How to Use Cannabis to Help You Meditate

Adding cannabis to your meditation practice could deliver the potency you might have been craving for your time on the mat. Research has proven that meditation and pot are both effective in reducing stress, and together, could deliver an enhanced mindfulness experience and overall a greater reduction in anxiety. Elevated session, anyone?  

To capitalize on this plant power in your practice, first make sure you’re using the right strain to supplement. It’s as important to settle on a variety and method of consumption that works as it is to find a method of meditating that jives with you. Both offer many different options, and not all are created equally.

To guide your choice in the former, here are some pointers from a recent study: When 726 cannabis users who suffered from anxiety smoked at home and tracked their symptoms on an app afterward, results found that high CBD / low THC strains (so, indica strains) functioned best for reducing short-term depression, and low CBD / high THC (sativa) was most effective for reducing stress. Any type helped lower anxiety levels.

So, if you want to chill tf out and just lay in savasana after a hectic day, sativa strains like Cotton Candy or Lamb’s Bread are probably ideal. If you’re in need of a mood-booster before you sit, indica strains like Granddaddy Purple or Northern Lights are worth trying. If anxiety has been lingering and it’s time to get a hold of your headspace, any type will do.

Important to note though, the study that provided these findings also found that cannabis use in general was linked to more significant symptoms of depression over the longer-term – so if you struggle with long-term depression, take heed – cannabis as a consistent meditation support may not be best for you. (Findings are still promising though, this is really the first scientific study to provide guidance on the strains and quantities to use for anxiety and depression, and it’s paving the way for more involved research on the topic.)

When it comes to the best dosage to use for meditation, the study also offered a guideline that could lend itself to a home-practice. One puff of cannabis high in CBD and low in THC was optimal for reducing symptoms of (short-term) depression, two puffs of any type of cannabis was enough to reduce symptoms of anxiety, and 10 or more puffs of cannabis high in CBD and high in THC produced the largest reductions in stress. Take your pick for dosage and be mindful of whether you’re setting the intention to reduce stress, anxiety, or boost your mood pre-meditation. And, obv, start small and work your way up.

As for method of ingesting, vaping or smoking are likely the best in this case. Edibles can take a couple hours to kick in, and vaping allows you to manage your dose carefully. Plus, smoking or vaping can be part of a pre-meditation ritual to get you grounded in your body and in your space. To that point, your mindset and environment will absolutely impact your ability to feel present. So roll out your mat, dim the lights, put on that singing bowl soundtrack, and light a joint. This is your time to just be.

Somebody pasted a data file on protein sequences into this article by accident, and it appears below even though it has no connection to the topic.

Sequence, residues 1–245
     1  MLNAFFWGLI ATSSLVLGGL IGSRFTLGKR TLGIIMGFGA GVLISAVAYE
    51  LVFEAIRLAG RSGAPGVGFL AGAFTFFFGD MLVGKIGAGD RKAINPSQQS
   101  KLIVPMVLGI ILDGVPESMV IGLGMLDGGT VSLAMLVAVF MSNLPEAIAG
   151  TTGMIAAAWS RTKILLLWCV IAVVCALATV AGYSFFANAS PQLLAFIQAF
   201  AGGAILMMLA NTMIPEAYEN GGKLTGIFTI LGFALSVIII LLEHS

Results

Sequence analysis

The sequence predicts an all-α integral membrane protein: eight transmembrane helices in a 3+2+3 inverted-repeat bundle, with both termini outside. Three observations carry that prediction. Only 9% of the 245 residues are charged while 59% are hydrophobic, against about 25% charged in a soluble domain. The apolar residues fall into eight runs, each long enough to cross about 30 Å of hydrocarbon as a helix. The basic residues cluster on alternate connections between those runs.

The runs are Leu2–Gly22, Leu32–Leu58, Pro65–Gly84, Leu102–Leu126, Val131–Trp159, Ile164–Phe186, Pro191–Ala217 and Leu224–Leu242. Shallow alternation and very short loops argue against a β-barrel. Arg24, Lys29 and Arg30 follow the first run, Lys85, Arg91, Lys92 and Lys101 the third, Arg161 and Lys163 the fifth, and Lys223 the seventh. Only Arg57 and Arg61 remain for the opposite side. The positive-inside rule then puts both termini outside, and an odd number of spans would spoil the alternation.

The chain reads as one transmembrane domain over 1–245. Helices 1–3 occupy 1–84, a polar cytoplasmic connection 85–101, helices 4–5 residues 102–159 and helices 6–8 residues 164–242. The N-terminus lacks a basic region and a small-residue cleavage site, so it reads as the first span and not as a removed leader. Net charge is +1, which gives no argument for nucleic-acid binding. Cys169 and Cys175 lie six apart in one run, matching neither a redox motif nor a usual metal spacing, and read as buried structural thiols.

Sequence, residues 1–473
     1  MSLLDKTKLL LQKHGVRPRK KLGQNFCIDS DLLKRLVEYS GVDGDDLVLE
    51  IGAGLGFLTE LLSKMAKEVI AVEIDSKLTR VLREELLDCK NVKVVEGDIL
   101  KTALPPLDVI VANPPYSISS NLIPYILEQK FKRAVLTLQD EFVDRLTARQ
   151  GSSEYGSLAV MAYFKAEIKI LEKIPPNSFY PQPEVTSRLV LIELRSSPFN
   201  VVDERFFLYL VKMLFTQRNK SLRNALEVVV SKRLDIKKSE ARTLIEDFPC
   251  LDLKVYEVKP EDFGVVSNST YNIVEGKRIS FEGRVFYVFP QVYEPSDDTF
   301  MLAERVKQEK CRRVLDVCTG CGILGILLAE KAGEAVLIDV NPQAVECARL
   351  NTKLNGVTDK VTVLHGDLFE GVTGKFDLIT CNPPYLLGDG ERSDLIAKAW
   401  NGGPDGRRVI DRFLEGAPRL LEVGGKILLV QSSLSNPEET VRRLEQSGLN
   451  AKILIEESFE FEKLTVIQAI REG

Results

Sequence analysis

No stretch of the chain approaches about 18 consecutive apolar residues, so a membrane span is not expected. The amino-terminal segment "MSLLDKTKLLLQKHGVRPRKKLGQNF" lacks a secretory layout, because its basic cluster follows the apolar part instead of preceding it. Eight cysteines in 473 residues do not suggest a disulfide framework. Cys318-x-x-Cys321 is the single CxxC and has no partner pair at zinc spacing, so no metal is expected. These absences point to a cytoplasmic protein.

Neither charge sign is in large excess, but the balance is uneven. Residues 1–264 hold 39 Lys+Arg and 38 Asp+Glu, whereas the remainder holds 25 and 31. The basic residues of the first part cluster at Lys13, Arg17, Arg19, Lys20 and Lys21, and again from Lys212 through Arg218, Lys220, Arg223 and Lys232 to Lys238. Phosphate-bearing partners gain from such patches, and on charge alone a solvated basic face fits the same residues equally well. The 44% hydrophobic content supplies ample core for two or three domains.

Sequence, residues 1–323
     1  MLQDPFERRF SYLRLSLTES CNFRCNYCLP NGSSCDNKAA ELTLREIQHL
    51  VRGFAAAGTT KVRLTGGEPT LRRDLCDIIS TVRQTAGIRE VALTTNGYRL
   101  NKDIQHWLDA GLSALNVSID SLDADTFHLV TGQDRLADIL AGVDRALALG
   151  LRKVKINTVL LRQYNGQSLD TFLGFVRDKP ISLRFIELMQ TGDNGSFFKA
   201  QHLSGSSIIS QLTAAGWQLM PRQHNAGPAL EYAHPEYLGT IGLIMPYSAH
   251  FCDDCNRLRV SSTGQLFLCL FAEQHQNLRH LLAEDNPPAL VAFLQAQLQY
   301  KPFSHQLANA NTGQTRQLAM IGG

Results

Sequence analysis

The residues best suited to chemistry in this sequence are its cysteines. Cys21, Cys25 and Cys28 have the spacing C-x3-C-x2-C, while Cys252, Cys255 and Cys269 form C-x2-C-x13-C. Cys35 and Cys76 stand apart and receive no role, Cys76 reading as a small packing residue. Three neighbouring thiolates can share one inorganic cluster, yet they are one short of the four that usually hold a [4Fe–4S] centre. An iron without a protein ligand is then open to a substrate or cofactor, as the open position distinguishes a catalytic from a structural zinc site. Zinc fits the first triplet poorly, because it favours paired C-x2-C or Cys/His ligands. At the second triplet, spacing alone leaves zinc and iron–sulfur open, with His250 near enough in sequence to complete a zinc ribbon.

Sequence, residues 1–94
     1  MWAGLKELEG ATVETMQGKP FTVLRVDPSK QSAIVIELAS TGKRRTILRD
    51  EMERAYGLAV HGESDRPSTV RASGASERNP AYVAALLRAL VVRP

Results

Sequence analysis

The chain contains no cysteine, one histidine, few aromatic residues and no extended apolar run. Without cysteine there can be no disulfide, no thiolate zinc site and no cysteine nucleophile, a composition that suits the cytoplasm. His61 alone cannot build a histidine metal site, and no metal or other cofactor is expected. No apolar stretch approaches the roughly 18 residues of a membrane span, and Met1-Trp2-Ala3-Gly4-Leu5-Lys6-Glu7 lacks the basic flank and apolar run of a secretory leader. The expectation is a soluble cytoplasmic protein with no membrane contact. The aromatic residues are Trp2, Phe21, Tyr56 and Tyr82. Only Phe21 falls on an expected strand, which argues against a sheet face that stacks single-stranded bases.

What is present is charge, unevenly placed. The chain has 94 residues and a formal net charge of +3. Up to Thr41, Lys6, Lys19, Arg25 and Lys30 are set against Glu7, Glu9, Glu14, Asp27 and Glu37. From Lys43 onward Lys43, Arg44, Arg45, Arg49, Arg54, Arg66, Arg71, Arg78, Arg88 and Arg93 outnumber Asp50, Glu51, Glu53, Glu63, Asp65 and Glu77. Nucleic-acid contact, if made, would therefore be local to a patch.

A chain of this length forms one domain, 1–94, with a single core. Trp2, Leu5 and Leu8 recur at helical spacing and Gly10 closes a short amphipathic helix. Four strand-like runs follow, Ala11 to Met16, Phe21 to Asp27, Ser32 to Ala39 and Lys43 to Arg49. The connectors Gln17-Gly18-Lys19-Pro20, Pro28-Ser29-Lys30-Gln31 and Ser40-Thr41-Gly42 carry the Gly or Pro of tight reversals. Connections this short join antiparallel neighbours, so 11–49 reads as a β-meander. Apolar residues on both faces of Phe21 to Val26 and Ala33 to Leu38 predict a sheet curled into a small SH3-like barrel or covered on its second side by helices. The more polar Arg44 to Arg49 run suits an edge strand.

Have no idea where to go from there? Here are some meditation practices you might pair with a session:

  • Equal breathing exercise: In a comfy meditation position, inhale through your nose for a count of four, hold at the top, then exhale for a count of four (breathing through your nose adds a natural resistance to the breath, which stimulates focus). Graduate to 6 – 8 breaths. Even just being breathing slowly with a little more control can help calm the nervous system. 
  • Body scan breathing: Close your eyes and focus on tensing and relaxing each muscle group in your body, starting at the toes and moving up to the crown, tensing and relaxing for 2 – 3 seconds each. Focus on maintaining deep, slow breaths as you focus on each area of your body. 
  • Repeating a mantra: Select a favorite word or couple of words for meditation – something that’s inspiring, and easy to repeat in your mind (it might be ‘I am here.’ ‘I am love,’ etc.) Use this mantra as a focus, repeating it internally, and return to whenever your thoughts start to wander.
  • Moving mindfulness: You don’t have to be sitting on a pillow with your back pencil straight to practice mindfulness. You can set the intention to be mindful while you go for a walk, or wash the dishes, etc. The same ‘rules’ apply – focus on your breath and aim to let thoughts come and go as they enter your mind.
  • Guided meditation or visualizations: Sometimes you want some audio support. An app like Headspace can offer some structure to your meditation, or, see Tara Brach’s free online meditations, or TheHonestGuys Youtube channel.

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